I recently posted two recipes for Cinco de Mayo, a Mexican holiday, which is on May 5.
Yes, they do take a bit of work.
Ma’s Coconut Almond Snacks recipe is easier.
I got an e mail about another Cinco de Mayo dessert: churros.
They are long, thin doughnuts served with a caramel custard, called Cajeta and a chocolate sauce called ganache.
We’re not talking an easy dessert.
But it is delicious and impressive.
And they could be just the thing to top off a party meal.
If you want to make an easier type of doughnut, you could also make St. Joseph's Day Zeppole, also known as Sfingi.
Sfingi has a lot of Mediterranean mojo attached to it.
As Carmela explained:
If it is not St. Joseph's Day, you can just shake these, without the filling,
in a bag with cinnamon sugar and serve them like donuts.
You've been warned.
When you add the baking soda it will become bubbly. That’s okay.
The longer you cook the Cajeta mixture, the thicker it will become, and the more intense the caramel flavour will be. Once it cools it will become even thicker.
If it’s too thick for your liking, stir in a bit of hot water.
If it’s too thin, return it to the heat until it thickens.
As in the Alfajores you could use sweetened condensed milk.
If you don't have a deep-frying thermometer, test the oil by slipping a bit of the dough into the oil. It should sizzle and turn brown in 1 minute.
Don't crowd or they will stick together and won't fry properly.
Be careful that it doesn’t splash.
For the Caramel (Cajeta)
In a heavy-bottomed pot combine
4 Cups milk
1 Cup sugar
1 Tablespoon vanilla extract
Place over medium heat.
In a small cup combine
1/4 teaspoon baking soda
2 teaspoons water
Cook the milk / sugar mixture, stirring frequently until the sugar is dissolved.
Remove from the heat, and stir in the dissolved baking soda.
When the bubbling stops, return the pot to a low heat and simmer.
Cook the mixture, stirring occasionally, until it thickens and darkens, 1 – 2 hours.
Once it has reached the desired thickness, remove it from the heat.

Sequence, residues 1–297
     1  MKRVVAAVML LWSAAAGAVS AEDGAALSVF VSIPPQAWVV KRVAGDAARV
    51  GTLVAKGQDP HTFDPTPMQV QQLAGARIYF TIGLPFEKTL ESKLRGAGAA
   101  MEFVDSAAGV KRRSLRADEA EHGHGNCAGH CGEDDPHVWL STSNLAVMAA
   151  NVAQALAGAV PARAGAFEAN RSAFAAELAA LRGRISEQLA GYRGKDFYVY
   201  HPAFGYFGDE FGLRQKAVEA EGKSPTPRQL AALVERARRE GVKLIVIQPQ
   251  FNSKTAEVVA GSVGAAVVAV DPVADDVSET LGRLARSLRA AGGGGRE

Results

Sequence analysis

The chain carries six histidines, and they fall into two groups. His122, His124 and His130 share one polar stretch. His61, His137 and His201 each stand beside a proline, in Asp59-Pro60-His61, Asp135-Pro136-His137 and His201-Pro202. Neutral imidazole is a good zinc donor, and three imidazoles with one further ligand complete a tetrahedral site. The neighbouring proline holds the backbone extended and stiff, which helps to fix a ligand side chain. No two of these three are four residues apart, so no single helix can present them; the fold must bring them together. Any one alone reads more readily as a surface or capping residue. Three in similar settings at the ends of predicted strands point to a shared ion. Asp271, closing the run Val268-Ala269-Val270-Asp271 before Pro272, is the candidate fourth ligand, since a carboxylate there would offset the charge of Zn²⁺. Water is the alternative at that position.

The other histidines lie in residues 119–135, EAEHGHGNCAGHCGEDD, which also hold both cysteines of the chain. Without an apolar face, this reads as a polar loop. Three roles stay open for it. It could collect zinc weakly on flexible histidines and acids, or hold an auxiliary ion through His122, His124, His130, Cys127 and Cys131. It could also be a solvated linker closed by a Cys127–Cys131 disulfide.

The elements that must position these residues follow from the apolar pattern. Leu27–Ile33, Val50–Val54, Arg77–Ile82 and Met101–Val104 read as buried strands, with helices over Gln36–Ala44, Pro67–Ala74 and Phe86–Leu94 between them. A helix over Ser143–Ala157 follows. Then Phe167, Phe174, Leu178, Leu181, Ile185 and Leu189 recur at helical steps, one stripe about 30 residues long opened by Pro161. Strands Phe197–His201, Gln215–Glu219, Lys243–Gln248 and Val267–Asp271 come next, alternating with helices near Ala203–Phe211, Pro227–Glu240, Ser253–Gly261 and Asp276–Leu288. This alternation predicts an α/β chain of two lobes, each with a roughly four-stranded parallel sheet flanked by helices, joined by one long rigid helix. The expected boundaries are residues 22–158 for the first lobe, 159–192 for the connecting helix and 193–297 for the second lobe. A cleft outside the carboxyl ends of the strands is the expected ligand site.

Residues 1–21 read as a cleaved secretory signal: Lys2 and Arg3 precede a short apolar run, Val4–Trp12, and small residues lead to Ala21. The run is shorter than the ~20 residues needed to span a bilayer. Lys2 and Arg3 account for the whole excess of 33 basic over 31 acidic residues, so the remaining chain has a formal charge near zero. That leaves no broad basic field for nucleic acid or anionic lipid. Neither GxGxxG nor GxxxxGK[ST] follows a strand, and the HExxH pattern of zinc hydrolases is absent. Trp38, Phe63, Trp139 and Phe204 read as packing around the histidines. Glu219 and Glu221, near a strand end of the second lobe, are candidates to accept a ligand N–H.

Allow it to cool completely.
When the cajeta is completely cooled, transfer sauce to a resealable jar.
Refrigerate if not using immediately, then warm up when you’re ready to serve it.
For the Chocolate Sauce (Ganache)
Place in a heat-proof bowl
1/2 Cup semi-sweet chocolate chips
Place in a medium pot
1/2 Cup whipping cream
Over medium-high heat, bring the cream to a boil.
When it reaches a boil, remove it from the heat and pour over the chocolate chips.
Stir until all of the chocolate chips have melted and the ganache is smooth.
Serve warm with churros for dipping.
Or keep stored in an airtight jar in the fridge for up to 4 days.
For the Churros
On a baking sheet combine
1 Tablespoon ground cinnamon
1/2 Cup sugar
In a medium saucepan combine
1/2 Cup unsalted butter
2 Tablespoons sugar
1 Cup water
1/4 teaspoon salt
Stir together over medium heat until the mixture reaches a boil.
Reduce the heat to low.
Add all at once
1 Cup flour
Stir well until the flour is completely mixed in.
Cook, stirring constantly for 3 minutes, until the dough
begins to leave a thin film on the bottom of the pan.
(Don’t rush this - you want the dough to dry so the doughnuts will crisp.)
Remove from the heat.
With an electric mixer or wooden spoon, beat in
ONE AT A TIME
3 large eggs, at room temperature
Continue to beat until smooth and shiny, about 2 minutes.
Transfer the dough to a piping bag fitted with a large open star tip.
In a deep saucepan or deep fryer pour
about 2 inches vegetable oil
Heat to 350ºF on a deep-fry thermometer or test with dough.
When the oil is heated, pipe 4 to 8-inch segments of dough into the hot oil, using scissors to cut the dough after piping.
Use tongs to keep them from touching each other.
Fry the dough for 5 – 7 minutes until golden brown.
Remove the churros with a slotted spoon.
Drain on paper towels.
Toss in the cinnamon sugar mixture to coat.
Repeat with the remaining dough.
Serve the churros warm with cajeta and chocolate ganache for dipping.
Churros are best served the day they are made.